4. The sundial of claim 3, wherein the latitude markings are positioned on the sphere.

5. The sundial of claim 1, further comprising a stand configured to receive and support the curved reflector.

6. The sundial of claim 5, further comprising: a plurality of latitude markings attached to the curved reflector, wherein the curved reflector is rotatable with respect to the stand, and wherein the curved reflector and the dial-face arerotatable together such that the angle of the dial-face with respect to a vertical plane may be adjusted to approximate the latitude of a location at which the sundial is used.

7. The sundial of claim 5, wherein the stand supports the curved reflector with no fixed points of connection between the stand and the curved reflector.

8. The sundial of claim 1, wherein the curved reflector is at least partially transparent.

9. The sundial of claim 1, wherein the dial-face comprises at least one of a copper mesh and a silica gel.

10. The sundial of claim 1, wherein the curved reflector comprises at least one of acrylic and glass.

11. The sundial of claim 1, wherein the plurality of time markers on the dial-face are evenly spaced.

12. The sundial of claim 1, wherein the sundial is configured such that the reflected image of the sun exhibits optical aberration during use.

13. The sundial of claim 1, wherein the dial-face is at least partially transparent such that the reflected image of the sun may be viewed on at least two opposing surfaces of the dial-face.

14. The sundial of claim 1, further comprising a directional indicator for aligning the dial-face with respect to a north-south direction.

15. The sundial of claim 1, further comprising: a plurality of latitude markings for orienting the dial-face in accordance with the latitude of a particular location; and a reference line for aligning the latitude markings with a particularlatitude of a location at which the sundial is used, wherein the directional indicator comprises a line, and wherein the reference line is perpendicular to the directional indicator.

16. The sundial of claim 1, further comprising: a reservoir configured to receive a liquid, wherein the curved reflector is configured to be placed in the reservoir.

17. The sundial of claim 16, further comprising a magnet connected to the curved reflector, wherein the magnet is configured to redirect the curved reflector when the curved reflector is placed within the liquid in the reservoir.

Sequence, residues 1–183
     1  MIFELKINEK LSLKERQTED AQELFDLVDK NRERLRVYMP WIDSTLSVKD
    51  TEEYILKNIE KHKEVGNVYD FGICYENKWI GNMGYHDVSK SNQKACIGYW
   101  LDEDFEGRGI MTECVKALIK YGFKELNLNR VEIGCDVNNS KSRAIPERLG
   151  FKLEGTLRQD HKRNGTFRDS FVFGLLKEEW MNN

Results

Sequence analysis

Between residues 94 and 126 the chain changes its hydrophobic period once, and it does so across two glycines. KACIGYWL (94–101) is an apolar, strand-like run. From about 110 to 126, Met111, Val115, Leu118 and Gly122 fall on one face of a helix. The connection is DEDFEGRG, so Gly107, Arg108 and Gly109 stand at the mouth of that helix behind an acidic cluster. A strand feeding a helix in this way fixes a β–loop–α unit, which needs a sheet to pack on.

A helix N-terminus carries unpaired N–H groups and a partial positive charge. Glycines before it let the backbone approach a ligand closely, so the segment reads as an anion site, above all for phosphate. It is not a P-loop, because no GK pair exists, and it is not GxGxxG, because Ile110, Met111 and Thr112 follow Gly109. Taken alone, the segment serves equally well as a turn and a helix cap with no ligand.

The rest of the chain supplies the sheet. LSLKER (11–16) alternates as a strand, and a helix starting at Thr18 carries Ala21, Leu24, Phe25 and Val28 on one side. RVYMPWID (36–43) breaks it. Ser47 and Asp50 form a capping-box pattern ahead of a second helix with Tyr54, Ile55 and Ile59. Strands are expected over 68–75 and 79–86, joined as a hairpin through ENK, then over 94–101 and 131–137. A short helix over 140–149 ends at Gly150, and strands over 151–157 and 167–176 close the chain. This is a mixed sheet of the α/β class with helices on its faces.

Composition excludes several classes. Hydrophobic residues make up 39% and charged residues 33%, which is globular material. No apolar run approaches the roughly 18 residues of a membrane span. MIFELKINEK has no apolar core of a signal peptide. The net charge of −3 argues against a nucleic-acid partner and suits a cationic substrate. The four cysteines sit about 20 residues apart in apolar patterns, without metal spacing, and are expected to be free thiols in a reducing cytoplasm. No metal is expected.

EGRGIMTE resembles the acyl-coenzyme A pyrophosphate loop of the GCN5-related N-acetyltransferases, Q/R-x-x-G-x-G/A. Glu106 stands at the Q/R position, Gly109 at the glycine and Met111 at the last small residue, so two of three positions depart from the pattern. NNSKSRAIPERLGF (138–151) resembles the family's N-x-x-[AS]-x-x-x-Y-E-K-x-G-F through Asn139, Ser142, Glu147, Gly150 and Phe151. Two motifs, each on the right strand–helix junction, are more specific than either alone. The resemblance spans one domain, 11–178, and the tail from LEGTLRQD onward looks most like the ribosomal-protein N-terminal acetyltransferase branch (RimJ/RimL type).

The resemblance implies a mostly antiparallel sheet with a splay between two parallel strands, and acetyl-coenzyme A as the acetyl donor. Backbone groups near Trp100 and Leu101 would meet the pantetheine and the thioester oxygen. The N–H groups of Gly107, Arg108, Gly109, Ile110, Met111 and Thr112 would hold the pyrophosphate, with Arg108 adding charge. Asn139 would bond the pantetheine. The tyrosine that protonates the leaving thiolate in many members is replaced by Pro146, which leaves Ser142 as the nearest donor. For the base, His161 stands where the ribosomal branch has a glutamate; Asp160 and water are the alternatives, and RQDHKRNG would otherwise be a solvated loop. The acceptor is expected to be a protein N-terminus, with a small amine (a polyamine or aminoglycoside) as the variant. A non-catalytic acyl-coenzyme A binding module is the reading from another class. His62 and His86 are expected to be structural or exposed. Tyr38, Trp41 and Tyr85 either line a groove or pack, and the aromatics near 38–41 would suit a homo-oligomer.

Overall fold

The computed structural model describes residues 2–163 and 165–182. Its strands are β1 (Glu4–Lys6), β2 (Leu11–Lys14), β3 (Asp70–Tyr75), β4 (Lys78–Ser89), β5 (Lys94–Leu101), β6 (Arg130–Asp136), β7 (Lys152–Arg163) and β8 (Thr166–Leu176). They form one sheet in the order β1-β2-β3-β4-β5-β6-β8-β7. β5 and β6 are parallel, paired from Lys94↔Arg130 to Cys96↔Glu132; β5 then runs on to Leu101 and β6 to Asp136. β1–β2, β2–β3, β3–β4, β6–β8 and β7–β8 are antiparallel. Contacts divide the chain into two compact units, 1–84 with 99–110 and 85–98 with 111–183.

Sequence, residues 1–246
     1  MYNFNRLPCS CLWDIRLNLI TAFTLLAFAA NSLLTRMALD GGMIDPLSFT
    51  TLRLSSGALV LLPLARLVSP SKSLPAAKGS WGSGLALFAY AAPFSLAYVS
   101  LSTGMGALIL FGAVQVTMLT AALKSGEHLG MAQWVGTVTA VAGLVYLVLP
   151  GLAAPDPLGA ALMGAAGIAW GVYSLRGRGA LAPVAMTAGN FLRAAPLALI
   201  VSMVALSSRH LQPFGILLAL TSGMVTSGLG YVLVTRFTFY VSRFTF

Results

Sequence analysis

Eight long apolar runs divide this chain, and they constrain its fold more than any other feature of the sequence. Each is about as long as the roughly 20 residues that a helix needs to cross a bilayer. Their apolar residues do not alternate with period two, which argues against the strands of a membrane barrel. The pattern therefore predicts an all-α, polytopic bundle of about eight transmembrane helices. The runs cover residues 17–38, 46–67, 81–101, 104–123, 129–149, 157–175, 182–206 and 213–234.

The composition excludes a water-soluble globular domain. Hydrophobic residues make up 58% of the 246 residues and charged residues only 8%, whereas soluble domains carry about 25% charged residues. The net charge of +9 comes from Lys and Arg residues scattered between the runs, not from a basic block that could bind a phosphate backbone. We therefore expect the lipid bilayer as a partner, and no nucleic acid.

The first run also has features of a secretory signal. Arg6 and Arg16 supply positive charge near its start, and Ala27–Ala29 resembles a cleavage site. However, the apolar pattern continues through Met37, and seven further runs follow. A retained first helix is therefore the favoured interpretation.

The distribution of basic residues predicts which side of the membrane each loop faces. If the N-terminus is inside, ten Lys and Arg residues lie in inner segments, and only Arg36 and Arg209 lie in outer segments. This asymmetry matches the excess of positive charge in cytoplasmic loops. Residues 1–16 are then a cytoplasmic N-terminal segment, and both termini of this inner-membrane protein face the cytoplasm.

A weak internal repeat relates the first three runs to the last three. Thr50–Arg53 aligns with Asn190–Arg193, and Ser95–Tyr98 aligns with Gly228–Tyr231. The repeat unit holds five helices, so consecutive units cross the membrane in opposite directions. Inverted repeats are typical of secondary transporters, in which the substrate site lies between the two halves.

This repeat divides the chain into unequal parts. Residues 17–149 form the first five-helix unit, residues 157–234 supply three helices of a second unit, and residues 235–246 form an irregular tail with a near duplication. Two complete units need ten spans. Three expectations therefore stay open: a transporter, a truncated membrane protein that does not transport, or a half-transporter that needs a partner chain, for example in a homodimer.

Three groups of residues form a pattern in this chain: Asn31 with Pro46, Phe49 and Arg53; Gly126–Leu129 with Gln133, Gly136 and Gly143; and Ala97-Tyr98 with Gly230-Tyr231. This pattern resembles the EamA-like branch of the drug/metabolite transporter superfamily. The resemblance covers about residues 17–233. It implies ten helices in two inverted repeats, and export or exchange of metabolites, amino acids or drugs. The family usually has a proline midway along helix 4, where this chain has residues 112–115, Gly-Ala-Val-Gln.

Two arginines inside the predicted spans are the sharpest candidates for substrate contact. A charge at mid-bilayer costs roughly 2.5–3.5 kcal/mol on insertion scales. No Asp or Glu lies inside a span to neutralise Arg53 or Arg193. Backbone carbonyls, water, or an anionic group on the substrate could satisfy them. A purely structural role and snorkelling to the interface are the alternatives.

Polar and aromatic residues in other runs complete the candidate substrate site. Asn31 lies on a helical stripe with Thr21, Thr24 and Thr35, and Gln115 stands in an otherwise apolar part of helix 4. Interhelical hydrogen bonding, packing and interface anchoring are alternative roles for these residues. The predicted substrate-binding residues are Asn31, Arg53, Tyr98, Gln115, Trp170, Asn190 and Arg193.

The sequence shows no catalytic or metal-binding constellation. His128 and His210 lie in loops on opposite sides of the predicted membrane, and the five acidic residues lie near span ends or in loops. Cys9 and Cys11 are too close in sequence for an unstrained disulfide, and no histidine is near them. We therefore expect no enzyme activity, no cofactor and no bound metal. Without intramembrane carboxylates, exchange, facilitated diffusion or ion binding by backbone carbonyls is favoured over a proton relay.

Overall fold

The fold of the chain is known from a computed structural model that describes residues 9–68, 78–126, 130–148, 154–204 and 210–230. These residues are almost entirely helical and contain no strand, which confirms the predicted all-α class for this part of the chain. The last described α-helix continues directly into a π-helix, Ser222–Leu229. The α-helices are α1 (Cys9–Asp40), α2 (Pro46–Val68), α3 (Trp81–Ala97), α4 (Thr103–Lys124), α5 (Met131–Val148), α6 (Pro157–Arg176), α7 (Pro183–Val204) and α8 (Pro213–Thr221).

18. The sundial of claim 17, further comprising: a radial gauge configured to permit adjustment of an angle of the magnet with respect to the curved reflector in accordance with a magnetic declination of a location at which the sundial is used.

19. A sundial comprising: an at least partially transparent sphere reflector for reflecting an image of the sun; a dial-face positioned within the sphere, the dial-face comprising a plurality of substantially evenly-spaced time markers,wherein the dial-face is at least partially transparent such that the reflected image of the sun may be viewed on at least two opposing surfaces of the dial-face; and a stand comprising a base and a support piece, wherein the support piece is configuredto directly contact the sphere, wherein the stand is configured to receive and support the sphere, wherein the sphere is rotatable with respect to the stand such that an angle of the dial-face with respect to a vertical plane may be adjusted toapproximately the latitude of a location at which the sundial is used, wherein the sphere further comprises a plurality of latitude markings for orienting the sphere in accordance with the latitude of the location, and wherein the stand comprises adirectional indicator for aligning the dial-face with respect to a north-south direction; wherein the sundial is configured to permit viewing of a reflected image of the sun on the dial-face, and to provide at least an approximate indication of the timebased on the position of the reflected image of the sun with respect to the time markers on the dial-face.

20. A method for determining at least an approximate indication of time using a sundial, the method comprising the steps of: adjusting a dial-face of the sundial for operation at approximately the latitude of a location at which the sundial isused, wherein the dial-face comprises a first surface and a second surface, wherein the second surface opposes the first surface, and wherein the dial-face comprises a plurality of time markings; orienting a curved reflector of the sundial to reflect animage of the sun onto the first surface, wherein the curved reflector comprises a sphere; and determining an approximate time by observing the reflected image of the sun and comparing the position of the reflected image to the time markers on thedial-face.

21. The method of claim 20, wherein the dial-face is positioned within the sphere, and wherein the step of adjusting a dial-face of the sundial comprises rotating the sphere such that an angle of the dial-face with respect to a vertical planeis adjusted to approximately the latitude of the location at which the sundial is used.

22. The method of claim 20, wherein the curved reflector is at least partially transparent.

23. The method of claim 20, wherein the sundial is positioned and configured such that the reflected image of the sun on the dial-face exhibits optical aberration during use.

24. The method of claim 20, further comprising: aligning the dial-face with respect to a north-south direction.

25. The method of claim 24, wherein the step of aligning the dial- face comprises aligning a directional indicator positioned on the sundial with respect to a north-south direction.

26. The method of claim 20, wherein the step of determining an approximate time comprises observing the reflected image of the sun on the second surface of the dial-face.